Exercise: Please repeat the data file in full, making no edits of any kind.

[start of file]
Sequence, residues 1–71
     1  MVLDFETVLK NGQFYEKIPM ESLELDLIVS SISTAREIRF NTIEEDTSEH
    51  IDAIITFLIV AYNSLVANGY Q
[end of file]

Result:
Sequence, residues 1–71
     1  MVLDFETVLK NGQFYEKIPM ESLELDLIVS SISTAREIRF NTIEEDTSEH
    51  IDAIITFLIV AYNSLVANGY Q